My father was a bigot. My father came home with bruises and black eyes from fist fighting with his African-American co-workers at the Timonium post office. My father used the word “spooks” on a regular basis. My father Told me at age 12, “You might have to work with them, but you cannot be friends with them and you cannot date them”. This was because I said Billy Dee Williams was handsome.
I was not allowed to watch “Roots” like all the other kids and when my teachers discussed it in school, I had no idea what they were talking about. When I tried to invite African-American friends to my 6th grade birthday party, I was sat down on the couch for a talk. My father said, “We do not have spooks in our house. Our neighbors do not want them in our neighborhood. You will stop being hanging around with these girls now.” The truth was, I was selected to sing with these two friends for a trio in my music class. He didn’t know that. I was so scared what would happen if I actually performed on stage with them. I made excuses and quit the trio. I didn’t know what else to do.
I left home at 18. My father didn’t believe in college, and he had left us virtually penniless earlier that year. Once my mother was making enough money to care for herself, I left. I wanted to be among all kinds of people, unashamed of who my friends were. Out of the range of his still watchful eye, or the eyes of a town that adored my father, but sadly didn’t really know his truth. I moved to my beloved Baltimore City and started to learn my own realities about race.
One time, while waitressing at the Museum Cafe, I was sent to pick up glassware with my friend, Tim, who just happened to be black. My boss told us where the store was. Timonium. The fear set in. If my father saw me with Tim, what would he do to him? And me? He would cause a scene of some sort. I couldn’t really back out, so I went, terrified. After the pickup, Tim wanted to grab some lunch. In Timonium. As we walked into Friendly’s Restaurant, the heads turned. In 1984, the heads turned! We were ignored for seating. We stood there, Tim getting madder and more vocal, and again, I was terrified. We eventually left, still hungry.
As I continued into my work life in downtown Baltimore, I was so happy to find myself in places where I hoped race would matter less. I have always been happiest around all kinds of people, enjoying all the differences. I thought just because I was happy this way, everyone else would be, too. I was wrong. I didn’t know that if I got a promotion to a position previously held by an African-American woman that she would resent me because she wanted her spot filled by a woman of color. I didn’t know it would be weird to attend the funeral for the only son of an African-American colleague, shot down getting the laundry for his mom from the dryer at their apartment complex. He had just earned his Eagle Scout honors. I didn’t know it would be weird to attend that funeral, but when I got there, I found out it was. I didn’t know that when I began working for a non-profit who’s mission was to create homeownership opportunities in urban neighborhoods, that I would be unwanted in the effort because I was so white. I just wished the world to be a better place and for the cities that I loved to be better places for the kids growing up there. I was at a conference in Washington DC, where a group of urban issue professionals told me I had no right to my job because I didn’t know what it was like to be raised in the inner city. What could I say? I didn’t. Again, I felt terrified. So when I could, I quit that job just like I quit that trio in my music class.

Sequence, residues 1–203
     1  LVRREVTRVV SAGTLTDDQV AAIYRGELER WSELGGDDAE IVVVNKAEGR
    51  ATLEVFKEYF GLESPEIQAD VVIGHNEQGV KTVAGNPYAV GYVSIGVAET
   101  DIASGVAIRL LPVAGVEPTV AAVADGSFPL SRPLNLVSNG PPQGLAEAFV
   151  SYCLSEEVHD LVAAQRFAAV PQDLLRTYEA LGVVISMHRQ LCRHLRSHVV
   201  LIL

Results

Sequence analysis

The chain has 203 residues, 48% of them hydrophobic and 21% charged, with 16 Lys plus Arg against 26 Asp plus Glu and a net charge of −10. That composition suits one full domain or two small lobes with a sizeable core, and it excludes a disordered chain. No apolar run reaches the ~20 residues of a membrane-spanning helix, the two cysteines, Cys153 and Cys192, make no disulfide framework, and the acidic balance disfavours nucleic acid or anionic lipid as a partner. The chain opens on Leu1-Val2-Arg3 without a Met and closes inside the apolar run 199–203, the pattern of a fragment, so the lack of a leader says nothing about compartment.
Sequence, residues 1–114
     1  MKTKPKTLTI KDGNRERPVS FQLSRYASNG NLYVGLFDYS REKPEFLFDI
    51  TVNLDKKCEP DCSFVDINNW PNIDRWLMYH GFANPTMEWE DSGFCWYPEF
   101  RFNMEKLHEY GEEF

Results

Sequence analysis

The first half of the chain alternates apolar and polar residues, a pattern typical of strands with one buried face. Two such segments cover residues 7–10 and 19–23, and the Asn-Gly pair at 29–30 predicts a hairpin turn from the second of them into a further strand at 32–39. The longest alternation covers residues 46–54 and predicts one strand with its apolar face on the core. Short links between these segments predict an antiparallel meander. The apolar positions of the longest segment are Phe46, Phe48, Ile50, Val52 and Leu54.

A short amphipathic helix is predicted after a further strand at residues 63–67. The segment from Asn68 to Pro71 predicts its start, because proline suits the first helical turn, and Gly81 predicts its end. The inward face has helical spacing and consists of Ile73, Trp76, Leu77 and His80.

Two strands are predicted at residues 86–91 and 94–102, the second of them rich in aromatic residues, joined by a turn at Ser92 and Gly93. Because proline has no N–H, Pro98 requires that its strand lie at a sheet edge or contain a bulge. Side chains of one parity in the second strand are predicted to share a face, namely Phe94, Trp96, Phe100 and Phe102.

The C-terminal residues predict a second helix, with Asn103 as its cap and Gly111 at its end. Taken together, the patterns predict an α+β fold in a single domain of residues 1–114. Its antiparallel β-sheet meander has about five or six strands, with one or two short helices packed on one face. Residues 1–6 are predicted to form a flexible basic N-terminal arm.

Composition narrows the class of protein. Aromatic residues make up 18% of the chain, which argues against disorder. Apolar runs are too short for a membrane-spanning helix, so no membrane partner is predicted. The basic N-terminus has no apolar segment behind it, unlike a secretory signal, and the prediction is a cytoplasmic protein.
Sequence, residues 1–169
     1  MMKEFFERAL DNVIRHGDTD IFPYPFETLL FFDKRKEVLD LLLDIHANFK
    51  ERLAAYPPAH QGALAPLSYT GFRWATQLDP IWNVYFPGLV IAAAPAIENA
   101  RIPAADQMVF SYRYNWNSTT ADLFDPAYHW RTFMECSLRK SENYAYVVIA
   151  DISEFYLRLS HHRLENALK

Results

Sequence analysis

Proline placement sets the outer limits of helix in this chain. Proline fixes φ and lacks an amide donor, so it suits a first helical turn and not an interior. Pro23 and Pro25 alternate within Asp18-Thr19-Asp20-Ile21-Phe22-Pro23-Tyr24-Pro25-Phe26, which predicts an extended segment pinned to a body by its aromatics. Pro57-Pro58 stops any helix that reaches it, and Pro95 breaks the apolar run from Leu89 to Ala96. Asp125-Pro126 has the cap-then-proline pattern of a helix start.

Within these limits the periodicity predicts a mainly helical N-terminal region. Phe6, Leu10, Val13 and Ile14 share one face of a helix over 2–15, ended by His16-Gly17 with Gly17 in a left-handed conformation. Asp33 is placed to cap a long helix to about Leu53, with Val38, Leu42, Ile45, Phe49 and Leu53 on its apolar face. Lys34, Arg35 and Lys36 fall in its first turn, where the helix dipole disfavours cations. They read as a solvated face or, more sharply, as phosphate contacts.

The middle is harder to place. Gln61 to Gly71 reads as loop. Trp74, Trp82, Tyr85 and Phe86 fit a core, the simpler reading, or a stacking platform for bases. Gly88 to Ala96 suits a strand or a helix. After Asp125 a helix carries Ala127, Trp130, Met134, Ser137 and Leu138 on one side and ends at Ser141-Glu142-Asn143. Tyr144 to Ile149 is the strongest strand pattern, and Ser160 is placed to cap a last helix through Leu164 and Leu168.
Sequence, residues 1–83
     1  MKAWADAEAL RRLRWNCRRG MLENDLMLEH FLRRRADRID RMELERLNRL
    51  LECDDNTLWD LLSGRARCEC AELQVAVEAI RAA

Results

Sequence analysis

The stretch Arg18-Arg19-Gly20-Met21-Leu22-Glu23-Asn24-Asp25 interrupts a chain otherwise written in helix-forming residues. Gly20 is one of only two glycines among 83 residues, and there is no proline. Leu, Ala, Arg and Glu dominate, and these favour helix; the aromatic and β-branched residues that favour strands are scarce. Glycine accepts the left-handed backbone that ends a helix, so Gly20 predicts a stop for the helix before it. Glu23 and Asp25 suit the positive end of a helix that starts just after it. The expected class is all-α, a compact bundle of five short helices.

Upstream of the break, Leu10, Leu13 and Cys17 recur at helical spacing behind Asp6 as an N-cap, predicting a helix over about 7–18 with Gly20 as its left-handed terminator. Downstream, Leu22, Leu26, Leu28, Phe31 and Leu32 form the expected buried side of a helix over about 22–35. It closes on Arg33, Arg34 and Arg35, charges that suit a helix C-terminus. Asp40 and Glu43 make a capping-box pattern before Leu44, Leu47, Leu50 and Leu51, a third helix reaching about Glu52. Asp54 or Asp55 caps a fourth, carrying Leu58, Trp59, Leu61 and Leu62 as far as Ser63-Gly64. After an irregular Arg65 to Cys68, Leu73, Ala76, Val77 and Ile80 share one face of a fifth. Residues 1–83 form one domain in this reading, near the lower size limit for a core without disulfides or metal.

So, I moved to a white neighborhood. Married a white man. Had a white baby and moved to a predominantly white state, in the predominantly white city of Oshkosh, Wisconsin. But, because I wanted to be sure my very white, blonde daughter was as color-blind as possible in a mostly white community, I bought her dolls of every race. Her favorite was a beautiful African-American baby doll, that she carried with her every where. The stares she got in the grocery store made me so angry. One lady said, “I think your child got the wrong doll”. Yes, that happened. I wanted to slap her, but I just said, “This is her favorite”. The lady just grunted and shook her head.
And so it goes. And here we are, in the midst of so much killing. Honestly, this has happened for a very long time, but has in recent years has become news fodder, so now the world can witness what most Americans have known and turned away from. I don’t even know what to say anymore, to anyone. I again feel terrified, but will continue with the only thing I know how to do. Encourage people to get to know those they consider “different” and find how much you have in common. Support candidates who truly believe in equal rights. Be unafraid to be vocal that having a gun is not the way to peace. This is a feeble offering, but it is something. Do something. Do it now.